"Supplemental interrogatories" are a second set of questions that are generated by opposing counsel in any civil litigation. Your husband must provide answers to this second set of questions just as he did the first set of interrogatories. With respect to the request for him to provide your social security number, I suggest that he simply leave this answer blank. If the other side raises the issue, your husband or his attorney can always raise an objection to the question, and let the judge make the call as to whether he must provide this information.
Parties to litigation are allowed a given number of interrogatories in accordance with court rules, which vary from court to court. So, for example, if the court allows 30 interrogatories and the first set of interrogatories included only 25 interrogatories, then a second set of "supplemental interrogatories" can be sent with up to 5 more questions. If they try to push 10 on you, an objection is appropriate.
As to the SS#, I never answer this, but you need to object now, within the time provided by the court rules or you could be deemed to have waived the objection. Do not wait to object. I always object to SS# as "unduly burdensome" in the context of rampant identity theft, disclosure of personal identification information on a semi public document is improper. Many courts actually have rules requiring redaction of such personal information.
Finally, you are not doing a custody case without an experienced attorney if you are serious about the case and so you must consult with your attorney to make sure that the interrogatories are not an abuse of the discovery process. In the alternative, find and read all of your court's rules of civil procedure.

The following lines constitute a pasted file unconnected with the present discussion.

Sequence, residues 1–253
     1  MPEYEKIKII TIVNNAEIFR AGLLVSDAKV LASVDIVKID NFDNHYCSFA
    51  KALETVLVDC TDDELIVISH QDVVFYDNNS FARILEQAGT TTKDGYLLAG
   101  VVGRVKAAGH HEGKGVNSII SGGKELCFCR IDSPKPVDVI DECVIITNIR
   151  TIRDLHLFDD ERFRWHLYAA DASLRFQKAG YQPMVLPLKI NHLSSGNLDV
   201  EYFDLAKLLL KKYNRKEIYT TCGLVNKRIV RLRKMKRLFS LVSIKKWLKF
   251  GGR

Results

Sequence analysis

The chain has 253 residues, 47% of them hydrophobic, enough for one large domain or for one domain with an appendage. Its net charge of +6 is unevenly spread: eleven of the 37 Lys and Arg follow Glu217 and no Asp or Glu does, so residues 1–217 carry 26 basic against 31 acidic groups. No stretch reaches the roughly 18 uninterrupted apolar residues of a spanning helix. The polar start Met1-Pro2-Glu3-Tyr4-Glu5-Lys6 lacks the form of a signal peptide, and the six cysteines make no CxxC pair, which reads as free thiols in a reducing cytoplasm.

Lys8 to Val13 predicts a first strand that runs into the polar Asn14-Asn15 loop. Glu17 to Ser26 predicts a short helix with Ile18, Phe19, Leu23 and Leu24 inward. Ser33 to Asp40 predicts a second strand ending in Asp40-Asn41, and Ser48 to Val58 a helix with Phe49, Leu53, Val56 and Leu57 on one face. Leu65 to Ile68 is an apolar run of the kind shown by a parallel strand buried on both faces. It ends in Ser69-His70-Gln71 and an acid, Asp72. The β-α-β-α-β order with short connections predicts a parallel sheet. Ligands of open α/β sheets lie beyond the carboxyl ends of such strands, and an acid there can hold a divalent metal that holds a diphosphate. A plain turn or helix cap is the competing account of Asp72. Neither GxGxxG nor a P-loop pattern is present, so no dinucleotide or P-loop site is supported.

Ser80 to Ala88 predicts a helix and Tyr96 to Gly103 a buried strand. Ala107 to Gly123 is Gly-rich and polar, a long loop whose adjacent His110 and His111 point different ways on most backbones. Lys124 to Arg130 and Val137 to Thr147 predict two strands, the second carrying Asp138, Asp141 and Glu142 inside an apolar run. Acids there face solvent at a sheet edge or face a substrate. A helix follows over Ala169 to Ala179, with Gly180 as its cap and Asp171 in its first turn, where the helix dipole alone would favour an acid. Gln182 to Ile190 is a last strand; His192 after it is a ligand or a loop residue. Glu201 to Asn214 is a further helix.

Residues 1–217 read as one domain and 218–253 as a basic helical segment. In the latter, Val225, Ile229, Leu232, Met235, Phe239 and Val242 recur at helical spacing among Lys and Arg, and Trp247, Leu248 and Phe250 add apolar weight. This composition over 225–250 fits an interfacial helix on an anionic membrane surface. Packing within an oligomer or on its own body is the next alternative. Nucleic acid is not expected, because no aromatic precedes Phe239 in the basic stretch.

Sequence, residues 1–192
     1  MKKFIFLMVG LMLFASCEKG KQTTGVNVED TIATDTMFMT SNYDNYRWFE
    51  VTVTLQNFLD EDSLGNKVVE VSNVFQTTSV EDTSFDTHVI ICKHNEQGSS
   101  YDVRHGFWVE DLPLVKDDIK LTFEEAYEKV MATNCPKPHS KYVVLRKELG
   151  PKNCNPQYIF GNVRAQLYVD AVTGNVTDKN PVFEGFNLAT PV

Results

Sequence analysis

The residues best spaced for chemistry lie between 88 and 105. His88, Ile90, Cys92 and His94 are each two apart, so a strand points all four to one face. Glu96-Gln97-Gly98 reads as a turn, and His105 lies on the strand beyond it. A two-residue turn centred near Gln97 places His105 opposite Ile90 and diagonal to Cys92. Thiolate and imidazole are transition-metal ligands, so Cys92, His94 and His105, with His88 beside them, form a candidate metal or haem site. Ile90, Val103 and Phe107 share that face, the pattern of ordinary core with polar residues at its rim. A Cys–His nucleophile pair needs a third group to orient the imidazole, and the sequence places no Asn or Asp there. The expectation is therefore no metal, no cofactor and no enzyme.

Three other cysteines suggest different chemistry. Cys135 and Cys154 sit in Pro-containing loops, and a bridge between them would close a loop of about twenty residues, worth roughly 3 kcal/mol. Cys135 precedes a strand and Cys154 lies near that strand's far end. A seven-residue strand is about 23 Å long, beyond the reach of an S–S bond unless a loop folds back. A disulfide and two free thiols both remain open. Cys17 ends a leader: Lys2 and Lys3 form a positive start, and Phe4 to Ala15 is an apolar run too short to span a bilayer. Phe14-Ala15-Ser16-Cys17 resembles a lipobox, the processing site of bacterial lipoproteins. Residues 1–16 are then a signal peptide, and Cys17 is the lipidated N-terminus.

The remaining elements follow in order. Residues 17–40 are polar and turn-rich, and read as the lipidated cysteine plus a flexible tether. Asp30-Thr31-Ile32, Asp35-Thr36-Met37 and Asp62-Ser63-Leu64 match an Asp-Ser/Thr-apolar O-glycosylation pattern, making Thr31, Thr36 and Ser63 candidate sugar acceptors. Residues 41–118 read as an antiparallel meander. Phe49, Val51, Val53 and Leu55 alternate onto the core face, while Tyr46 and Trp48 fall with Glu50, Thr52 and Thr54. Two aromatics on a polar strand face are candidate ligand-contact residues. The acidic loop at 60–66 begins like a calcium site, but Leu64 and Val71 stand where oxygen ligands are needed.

This answer is offered for informational purposes only. It is not offered as, and does not constitute, legal advice. Laws vary widely from state to state. You should rely only on the advice given to you during a personal consultation by a local attorney who is thoroughly familiar with state laws and the area of practice in which your concern lies.
Generally, in Illinois a party may not serve more than thirty (30) interrogatories, including sub-parts, without leave of court granted on good cause shown after written motion. The motion for leave to serve interrogatories in excess of thirty (30) must set forth the proposed questions and the reasons establishing good cause. IL Supreme Court R. 213(c).
Supplemental interrogatories can be propounded to request additional or supplemental information about the dispute. Leave of court is usually required.
The party served with interrogatories must answer or object to each question. IL Supreme Court R. 213(d).
If you object to the social security number request, you should reference a legal reason why. Each answer or objection must be immediately preceded by a full restatement of the interrogatory to which it responds. IL Supreme Court R. 213(d).